This lecturer began with a summary of Eudoxus's theory of Proportion that had been introduced in the previous lecture. Then the lecture continued with discussion of Proposition 1 of Book V (Heath's translation, Internet Archive) (transcribed, with comments here), focussing in particular on De Morgan's comments on Propositions 1 to 6 that these propositions are “simple propositions of concrete arithmetic, covered in language which makes them unintelligible to modern ears“, followed by the observation that Proposition 1 corresponds to the result that ma + mb + mc + ... = m ( a + b + c + ) for any positive integer m and finite list a, b, c... of magnitudes capable of being added to one another. This was followed by a brief dicussion of Proposition 2 of Book V (Heath's translation, Internet Archive) (transcribed, with comments here). The statements of Propositions 3 to 7 were briefly surveyed, and the algebraic identities equivalent to them were noted. Then discussion moved to Proposition 8 of Book V (Heath's translation, Internet Archive) (transcribed, with comments here), focussing not on the details of Euclid's proof (as translated by Euclid), but rather on the algebraic paraphrase of the proof presented in the lecturer's note on Proposition 8 of Book V). Discussion then moved to Book VI of Euclid's Elements of Geometry (Heath's translation, Internet Archive), which is primarily concerned with applications of Eudoxus's theory of proportion (developed in Book V) to problems of plane geometry. There was detailed discussion of Proposition 1 of Book VI (Heath's translation, Internet Archive), which shows that, for triangles with the same apex and collinear bases, the triangles are proportional (in area) to their bases. This result was applied in Euclid's proof of Proposition 2 of Book VI (Heath's translation, Internet Archive), which shows that, where a line cuts a triangle parallel to the base of the triangle, the segments of the legs of the triangle cut off by this line are proportional to the legs themselves.
Thursday, October 29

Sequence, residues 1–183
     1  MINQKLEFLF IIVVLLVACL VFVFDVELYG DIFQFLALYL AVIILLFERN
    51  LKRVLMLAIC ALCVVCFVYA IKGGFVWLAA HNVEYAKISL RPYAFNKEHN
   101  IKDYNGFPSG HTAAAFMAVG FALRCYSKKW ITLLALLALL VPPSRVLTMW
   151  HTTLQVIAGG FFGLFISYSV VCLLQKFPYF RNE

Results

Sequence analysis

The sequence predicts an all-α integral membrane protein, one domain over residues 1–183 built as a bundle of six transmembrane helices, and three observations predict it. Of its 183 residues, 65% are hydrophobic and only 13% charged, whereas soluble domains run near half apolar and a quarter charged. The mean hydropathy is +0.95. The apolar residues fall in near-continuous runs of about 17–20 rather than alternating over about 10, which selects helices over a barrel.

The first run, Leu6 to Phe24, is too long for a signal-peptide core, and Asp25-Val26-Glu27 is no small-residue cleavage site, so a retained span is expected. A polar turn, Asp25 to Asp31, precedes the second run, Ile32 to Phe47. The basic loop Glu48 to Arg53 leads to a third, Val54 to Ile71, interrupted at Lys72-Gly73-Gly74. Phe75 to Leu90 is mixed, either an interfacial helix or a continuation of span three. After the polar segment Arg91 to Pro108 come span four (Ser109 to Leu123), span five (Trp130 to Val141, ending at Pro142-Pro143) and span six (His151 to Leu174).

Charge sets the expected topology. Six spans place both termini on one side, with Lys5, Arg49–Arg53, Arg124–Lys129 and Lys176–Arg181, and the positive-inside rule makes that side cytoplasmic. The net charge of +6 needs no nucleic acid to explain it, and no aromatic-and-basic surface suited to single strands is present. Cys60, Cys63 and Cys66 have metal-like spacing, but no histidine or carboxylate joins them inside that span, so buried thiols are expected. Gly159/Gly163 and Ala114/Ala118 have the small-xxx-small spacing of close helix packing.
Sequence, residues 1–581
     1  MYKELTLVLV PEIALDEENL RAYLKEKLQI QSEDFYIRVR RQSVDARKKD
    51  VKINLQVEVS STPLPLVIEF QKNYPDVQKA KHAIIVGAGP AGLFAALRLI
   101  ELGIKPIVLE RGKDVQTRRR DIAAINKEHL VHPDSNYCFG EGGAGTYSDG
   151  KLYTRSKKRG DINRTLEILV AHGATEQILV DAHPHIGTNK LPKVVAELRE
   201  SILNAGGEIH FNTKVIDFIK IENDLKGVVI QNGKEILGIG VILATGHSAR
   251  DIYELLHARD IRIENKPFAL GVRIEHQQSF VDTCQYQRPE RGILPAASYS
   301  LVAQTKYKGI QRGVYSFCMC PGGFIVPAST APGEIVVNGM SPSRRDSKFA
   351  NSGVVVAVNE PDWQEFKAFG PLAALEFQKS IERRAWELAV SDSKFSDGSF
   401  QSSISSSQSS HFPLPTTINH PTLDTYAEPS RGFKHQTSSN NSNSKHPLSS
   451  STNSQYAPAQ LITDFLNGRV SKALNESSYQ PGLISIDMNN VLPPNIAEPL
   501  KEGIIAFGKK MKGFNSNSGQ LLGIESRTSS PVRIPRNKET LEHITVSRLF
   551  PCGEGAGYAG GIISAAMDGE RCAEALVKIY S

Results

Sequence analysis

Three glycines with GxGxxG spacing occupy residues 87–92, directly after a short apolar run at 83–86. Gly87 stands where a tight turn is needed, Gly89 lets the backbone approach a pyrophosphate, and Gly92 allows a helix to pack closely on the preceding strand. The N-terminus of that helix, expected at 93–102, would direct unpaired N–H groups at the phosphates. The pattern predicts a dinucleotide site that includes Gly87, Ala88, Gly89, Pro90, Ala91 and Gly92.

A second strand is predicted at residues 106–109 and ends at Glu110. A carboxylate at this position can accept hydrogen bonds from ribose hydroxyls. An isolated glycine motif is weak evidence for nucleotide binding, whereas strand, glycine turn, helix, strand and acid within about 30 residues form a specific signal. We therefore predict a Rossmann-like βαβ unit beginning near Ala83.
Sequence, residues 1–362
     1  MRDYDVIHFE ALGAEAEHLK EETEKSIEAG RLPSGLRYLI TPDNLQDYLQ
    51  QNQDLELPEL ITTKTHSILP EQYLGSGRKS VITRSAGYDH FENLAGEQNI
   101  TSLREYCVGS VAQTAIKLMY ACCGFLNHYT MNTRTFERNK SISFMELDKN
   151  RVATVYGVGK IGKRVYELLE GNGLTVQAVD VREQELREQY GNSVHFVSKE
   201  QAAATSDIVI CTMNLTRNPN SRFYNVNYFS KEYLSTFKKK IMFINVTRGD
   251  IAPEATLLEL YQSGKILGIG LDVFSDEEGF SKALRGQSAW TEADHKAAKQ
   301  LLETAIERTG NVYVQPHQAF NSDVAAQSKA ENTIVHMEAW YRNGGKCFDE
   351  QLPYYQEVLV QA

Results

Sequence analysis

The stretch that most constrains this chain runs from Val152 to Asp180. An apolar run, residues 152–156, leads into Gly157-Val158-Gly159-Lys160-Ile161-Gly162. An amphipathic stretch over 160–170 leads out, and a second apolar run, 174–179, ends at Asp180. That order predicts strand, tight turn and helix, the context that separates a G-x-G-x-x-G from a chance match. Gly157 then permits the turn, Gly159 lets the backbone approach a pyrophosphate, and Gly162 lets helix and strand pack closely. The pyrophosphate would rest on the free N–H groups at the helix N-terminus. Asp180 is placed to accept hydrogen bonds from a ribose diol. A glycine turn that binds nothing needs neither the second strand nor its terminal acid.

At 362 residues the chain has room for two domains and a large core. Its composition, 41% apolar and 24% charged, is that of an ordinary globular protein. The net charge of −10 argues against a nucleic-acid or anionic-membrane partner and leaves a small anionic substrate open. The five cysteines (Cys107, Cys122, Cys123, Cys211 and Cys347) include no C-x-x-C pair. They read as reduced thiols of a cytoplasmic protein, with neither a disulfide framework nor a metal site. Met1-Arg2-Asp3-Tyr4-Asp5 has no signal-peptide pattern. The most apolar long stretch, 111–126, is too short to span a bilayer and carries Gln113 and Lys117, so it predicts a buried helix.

Discussion moved back to the theory of the circle in Book III of Euclid's elements of geometry, and, in particular Proposition 18 to 22 of Book III (Heath's translation, Internet Archive) (transcribed here [link may need to be updated in future to the correct page]). The lecture concluded with a discussion of De Morgan's method, on pages 71 and 72 of The Connexion of Number and Magnitude: an attempt to explain the Fifth Book of Euclid, by Augustus De Morgan, 1836 (Internet Archive), for proving the result of Proposition 2 of Book VI of Euclid's Elements of Geometry (Heath's translation, Internet Archive). This result corresponds to Theorem 12 of Strand 2 of the current Irish Leaving Certificate Mathematics syllabus (2013). The lecture concluded with a discussion of proofs of Theorem 12 in the Leaving Certificate syllabus and the preceding Theorem 11.
Wednesday, November 18 (noon)
The lecture began with a general discussion of Gauss's General Investigations of Curved Survaces. It was noted that section 2 of that paper was concerned with spherical trigonometry. Though Gauss's proof involved standard trigonometric identities such as the Cosine Rule of Spherical Trigonometry, the algebra of vectors in three-dimensional space provides an alternative means to derive such identities. The lecture continued with a discussion of subsections 5.1 and 5.2 of Notes on Vector Algebra and Spherical Trigonometry.
Wednesday, November 18 (evening)
The lecture covered subsections 5.3 to 5.5 of Notes on Vector Algebra and Spherical Trigonometry, together with the first proof of Proposition 5.6 and the historical discussion of Hamilton's discovery of the vector triple product identity in his own quaternion notation, from subsection 5.6 of those notes.
Thursday, November 19
This lecture discussed the remainder of subsection 5.6, together with subsections 5.7 and 5.8 of Notes on Vector Algebra and Spherical Trigonometry.
Wednesday, November 25 (noon)
This lecture discussed the identities of spherical trigonometry stated and proved in subsection 5.9 and Notes on Vector Algebra and Spherical Trigonometry, and noted the application and proof of some of these identities in section 2 of Gauss's General Investigations of Curved Survaces.
Wednesday, November 25 (evening)
This lecture began by discussing Gauss's use of the term “continuity” and the use of the language of “infinitesmals” in sections 3 and 4 of General Investigations of Curved Survaces. Gauss is initiating here is discussion of the curvature of smooth surface. The lecture continued with subsections of the lecturer's presentation of some of these ideas in Notes on the Gauss Map. The lecture also discussed the representation of differentials of smooth functions on a surface as linear functions on tangent spaces to that surface as discussed in Subsection 6.8 of Smooth Surfaces in Three-Dimensional Space.
Thursday, November 26
The lecture began by revisiting the discussion of differentials of smooth functions in subsection 6.8 of Smooth Surfaces in Three-Dimensional Space. The lecture continued with material from subsection 6.10 of those notes, discussing the statement of the Inverse Function Theorem in three dimensions and a special case of the Implicit Function Theorem concerning the smoothness of zero sets of smooth real-valued functions defined on open sets in three-dimensional space.